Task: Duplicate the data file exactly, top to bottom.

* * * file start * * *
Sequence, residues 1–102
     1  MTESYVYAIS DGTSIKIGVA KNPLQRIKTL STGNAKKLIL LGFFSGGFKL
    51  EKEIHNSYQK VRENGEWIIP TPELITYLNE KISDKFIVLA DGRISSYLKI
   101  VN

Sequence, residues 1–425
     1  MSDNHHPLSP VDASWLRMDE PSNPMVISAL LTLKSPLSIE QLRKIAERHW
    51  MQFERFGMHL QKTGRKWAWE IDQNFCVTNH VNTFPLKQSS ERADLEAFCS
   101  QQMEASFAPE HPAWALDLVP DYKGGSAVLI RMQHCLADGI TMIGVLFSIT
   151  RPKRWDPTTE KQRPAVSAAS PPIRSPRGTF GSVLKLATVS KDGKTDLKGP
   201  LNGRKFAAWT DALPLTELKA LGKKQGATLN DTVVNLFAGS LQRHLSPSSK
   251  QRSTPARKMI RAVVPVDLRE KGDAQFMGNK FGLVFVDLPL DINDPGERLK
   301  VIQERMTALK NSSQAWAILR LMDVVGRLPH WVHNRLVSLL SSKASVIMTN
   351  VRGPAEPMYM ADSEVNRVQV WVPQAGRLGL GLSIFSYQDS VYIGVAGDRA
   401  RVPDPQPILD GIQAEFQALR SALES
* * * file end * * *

Sequence, residues 1–102
     1  MTESYVYAIS DGTSIKIGVA KNPLQRIKTL STGNAKKLIL LGFFSGGFKL
    51  EKEIHNSYQK VRENGEWIIP TPELITYLNE KISDKFIVLA DGRISSYLKI
   101  VN

Sequence, residues 1–425
     1  MSDNHHPLSP VDASWLRMDE PSNPMVISAL LTLKSPLSIE QLRKIAERHW
    51  MQFERFGMHL QKTGRKWAWE IDQNFCVTNH VNTFPLKQSS ERADLEAFCS
   101  QQMEASFAPE HPAWALDLVP DYKGGSAVLI RMQHCLADGI TMIGVLFSIT
   151  RPKRWDPTTE KQRPAVSAAS PPIRSPRGTF GSVLKLATVS KDGKTDLKGP
   201  LNGRKFAAWT DALPLTELKA LGKKQGATLN DTVVNLFAGS LQRHLSPSSK
   251  QRSTPARKMI RAVVPVDLRE KGDAQFMGNK FGLVFVDLPL DINDPGERLK
   301  VIQERMTALK NSSQAWAILR LMDVVGRLPH WVHNRLVSLL SSKASVIMTN
   351  VRGPAEPMYM ADSEVNRVQV WVPQAGRLGL GLSIFSYQDS VYIGVAGDRA
   401  RVPDPQPILD GIQAEFQALR SALES